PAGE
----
When the Interior Ministry announced security forces killed Ajnad Misr leader Hammam Attia on Sunday night, some braced themselves for a retaliatory attack — but others predicted that his death could splinter the group’s very foundations.
“The operation was a success for national security,” says Gamal Abou Zekry, a former assistant interior minister who worked with the now-disbanded State Security Investigation Services (SSIS) for 40 years.
Attia “participated in terrorist acts in Afghanistan and Syria, and he returned to Egypt during [former President] Mohamed Morsi’s tenure. He was also in direct contact with allies to Osama Bin Laden. He had long been wanted by security forces,” the ex-official alleges.
Abou Zekry believes Attia’s death will profoundly impact Ajnad Misr’s activities, especially given the waning popularity of Islamist groups in Egypt following a rise in extremist violence.
However, Ahmed Ban, researcher on Islamic affairs, disagrees.
“We cannot consider this as something that will affect the fate of the group,” he argues. “Ajnad Misr is an indeterminate group, not a hierarchical one that would collapse if you target its leader.”
He explains that the group is comprised of cluster cells that make intermittent attacks with the aim of “keeping its opponent on its toes.” While Attia represents a “good catch” for security forces, his death is ultimately symbolic, says Ban.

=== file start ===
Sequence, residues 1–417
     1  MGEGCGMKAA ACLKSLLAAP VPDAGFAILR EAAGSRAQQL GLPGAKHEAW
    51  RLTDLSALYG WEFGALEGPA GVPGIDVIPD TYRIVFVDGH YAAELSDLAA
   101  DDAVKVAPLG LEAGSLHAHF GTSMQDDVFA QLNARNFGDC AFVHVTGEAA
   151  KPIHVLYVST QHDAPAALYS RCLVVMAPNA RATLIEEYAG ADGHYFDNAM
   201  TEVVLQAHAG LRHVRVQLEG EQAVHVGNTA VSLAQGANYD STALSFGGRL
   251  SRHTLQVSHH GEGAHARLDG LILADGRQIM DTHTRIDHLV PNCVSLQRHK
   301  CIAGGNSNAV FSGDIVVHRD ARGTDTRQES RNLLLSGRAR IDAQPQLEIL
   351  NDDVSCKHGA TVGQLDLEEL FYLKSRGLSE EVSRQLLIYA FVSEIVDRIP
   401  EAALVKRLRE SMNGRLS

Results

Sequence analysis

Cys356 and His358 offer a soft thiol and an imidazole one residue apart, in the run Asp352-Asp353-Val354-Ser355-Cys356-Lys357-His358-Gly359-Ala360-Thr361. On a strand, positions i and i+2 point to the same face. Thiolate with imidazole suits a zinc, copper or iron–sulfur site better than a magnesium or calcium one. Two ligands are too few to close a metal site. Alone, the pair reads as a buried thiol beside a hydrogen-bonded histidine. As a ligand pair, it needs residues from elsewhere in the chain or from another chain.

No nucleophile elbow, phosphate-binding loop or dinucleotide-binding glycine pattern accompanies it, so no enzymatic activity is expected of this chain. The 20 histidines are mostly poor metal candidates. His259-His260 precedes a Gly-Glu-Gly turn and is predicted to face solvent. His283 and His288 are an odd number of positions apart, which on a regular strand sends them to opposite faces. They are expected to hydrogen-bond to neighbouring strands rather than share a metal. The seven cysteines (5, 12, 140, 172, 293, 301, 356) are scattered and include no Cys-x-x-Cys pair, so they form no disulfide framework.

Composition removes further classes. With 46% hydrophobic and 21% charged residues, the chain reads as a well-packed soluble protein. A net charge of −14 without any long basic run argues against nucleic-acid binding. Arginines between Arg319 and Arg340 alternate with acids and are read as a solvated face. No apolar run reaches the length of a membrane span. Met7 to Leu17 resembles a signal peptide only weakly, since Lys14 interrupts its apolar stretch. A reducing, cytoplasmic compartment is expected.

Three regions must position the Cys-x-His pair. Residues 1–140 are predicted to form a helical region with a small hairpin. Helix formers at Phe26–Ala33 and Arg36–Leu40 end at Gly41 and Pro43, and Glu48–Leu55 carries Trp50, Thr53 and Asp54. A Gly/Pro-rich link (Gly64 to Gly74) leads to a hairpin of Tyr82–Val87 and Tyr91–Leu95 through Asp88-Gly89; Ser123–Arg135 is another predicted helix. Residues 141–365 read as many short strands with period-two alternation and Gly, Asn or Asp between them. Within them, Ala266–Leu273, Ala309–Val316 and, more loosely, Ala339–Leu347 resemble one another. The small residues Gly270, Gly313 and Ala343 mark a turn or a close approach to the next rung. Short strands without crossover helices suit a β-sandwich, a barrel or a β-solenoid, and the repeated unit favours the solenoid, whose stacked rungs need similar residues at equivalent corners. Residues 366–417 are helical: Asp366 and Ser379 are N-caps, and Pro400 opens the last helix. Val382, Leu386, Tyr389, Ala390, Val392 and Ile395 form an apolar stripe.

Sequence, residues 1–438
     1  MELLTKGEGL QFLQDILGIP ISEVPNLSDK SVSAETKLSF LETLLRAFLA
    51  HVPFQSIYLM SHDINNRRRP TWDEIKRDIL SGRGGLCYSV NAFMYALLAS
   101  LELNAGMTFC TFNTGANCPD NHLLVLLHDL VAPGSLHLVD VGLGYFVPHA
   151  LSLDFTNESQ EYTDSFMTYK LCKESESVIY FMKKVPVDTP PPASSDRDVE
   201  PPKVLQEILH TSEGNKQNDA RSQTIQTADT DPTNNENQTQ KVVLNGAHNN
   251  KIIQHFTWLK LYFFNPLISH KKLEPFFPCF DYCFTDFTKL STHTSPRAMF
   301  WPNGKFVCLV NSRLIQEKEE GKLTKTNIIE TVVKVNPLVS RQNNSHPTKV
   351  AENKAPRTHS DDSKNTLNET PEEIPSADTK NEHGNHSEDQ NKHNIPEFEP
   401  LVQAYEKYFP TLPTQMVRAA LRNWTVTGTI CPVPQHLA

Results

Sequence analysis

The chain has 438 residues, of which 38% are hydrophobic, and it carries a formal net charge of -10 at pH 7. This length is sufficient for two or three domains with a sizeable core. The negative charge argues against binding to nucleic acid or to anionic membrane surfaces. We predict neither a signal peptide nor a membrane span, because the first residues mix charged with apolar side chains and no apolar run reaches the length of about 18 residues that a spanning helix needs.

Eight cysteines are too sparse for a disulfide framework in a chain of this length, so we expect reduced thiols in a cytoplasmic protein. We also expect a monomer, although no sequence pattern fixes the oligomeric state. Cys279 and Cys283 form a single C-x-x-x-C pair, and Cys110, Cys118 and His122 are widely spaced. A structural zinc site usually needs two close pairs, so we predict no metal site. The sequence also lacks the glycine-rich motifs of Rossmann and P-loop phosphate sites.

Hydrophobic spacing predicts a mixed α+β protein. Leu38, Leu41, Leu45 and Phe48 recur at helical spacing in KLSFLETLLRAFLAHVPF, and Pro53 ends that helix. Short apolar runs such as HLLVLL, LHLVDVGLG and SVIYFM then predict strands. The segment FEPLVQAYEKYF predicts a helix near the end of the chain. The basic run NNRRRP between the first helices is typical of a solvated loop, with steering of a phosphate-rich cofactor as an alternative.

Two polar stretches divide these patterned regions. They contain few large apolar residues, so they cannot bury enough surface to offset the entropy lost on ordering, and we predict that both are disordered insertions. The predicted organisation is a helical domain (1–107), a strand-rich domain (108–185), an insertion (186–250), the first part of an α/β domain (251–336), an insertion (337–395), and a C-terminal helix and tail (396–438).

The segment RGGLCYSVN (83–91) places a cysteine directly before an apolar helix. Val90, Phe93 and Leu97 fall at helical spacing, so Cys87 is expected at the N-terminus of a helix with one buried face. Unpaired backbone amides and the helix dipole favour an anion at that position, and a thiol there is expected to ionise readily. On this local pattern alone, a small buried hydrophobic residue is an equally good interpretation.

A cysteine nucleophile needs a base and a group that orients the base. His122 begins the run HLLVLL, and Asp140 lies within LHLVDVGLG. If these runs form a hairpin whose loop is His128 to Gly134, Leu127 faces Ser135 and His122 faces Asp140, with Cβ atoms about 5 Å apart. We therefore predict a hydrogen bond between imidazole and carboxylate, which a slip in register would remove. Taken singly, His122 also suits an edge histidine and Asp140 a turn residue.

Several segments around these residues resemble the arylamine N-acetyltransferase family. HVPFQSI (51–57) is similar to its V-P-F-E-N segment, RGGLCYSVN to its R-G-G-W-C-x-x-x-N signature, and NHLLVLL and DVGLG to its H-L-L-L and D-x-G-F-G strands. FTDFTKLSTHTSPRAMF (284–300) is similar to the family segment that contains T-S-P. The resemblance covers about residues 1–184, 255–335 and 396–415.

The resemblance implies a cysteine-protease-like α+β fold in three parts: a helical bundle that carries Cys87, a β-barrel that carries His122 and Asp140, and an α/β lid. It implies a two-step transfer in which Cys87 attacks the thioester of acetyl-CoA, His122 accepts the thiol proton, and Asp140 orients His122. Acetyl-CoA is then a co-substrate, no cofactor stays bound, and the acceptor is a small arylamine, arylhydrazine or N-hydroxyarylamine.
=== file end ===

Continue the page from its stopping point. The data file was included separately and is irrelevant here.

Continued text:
The Interior Ministry claims that Attia was involved in 26 terrorist attacks since July 2013.
The Cairo-based group that he fronted has claimed responsibility for several deadly assaults targeting Interior Ministry personnel over the past year, including a series of bombings at Cairo University in April 2014 that left one police officer dead and injured at least five others. Ajnad Misr also claimed another Cairo University bombing last October that injured at least 10. The Cairo Court for Urgent Matters designated Ajnad Misr a terrorist organization last May.
Ali al-Raggal, a researcher focusing on topics related to security, agrees with Abou Zekry that the fall of Ajnad Misr’s leader will constitute a blow to the group.
He compares Ajnad Misr with the Sinai-based militant group Province of Sinai — formerly known as Ansar Beit al-Maqdes, until the group declared loyalty to the Islamic State last November and changed its name — in order to shed light on the impact that Attia’s death could have.
“It’s like comparing the Islamic State to Syria’s Nursa Front,” Raggal explains. “The Province of Sinai pledged allegiance to the Islamic State and adopted its policies. However, Ajnad Misr is affiliated with Al-Qaeda. They are trying to win people over by, for example, announcing that they halted planned bombings after they found that civilians frequented the targeted areas.”
Raggal says that Ajnad Misr doesn’t recruit a lot of members and doesn’t depend on “gang wars,” adding that such groups cannot withstand the removal of their most prominent leaders.
“For a group to withstand this kind of attack, it has to be backed by a powerful body,” he asserts, “but that isn’t the case here.”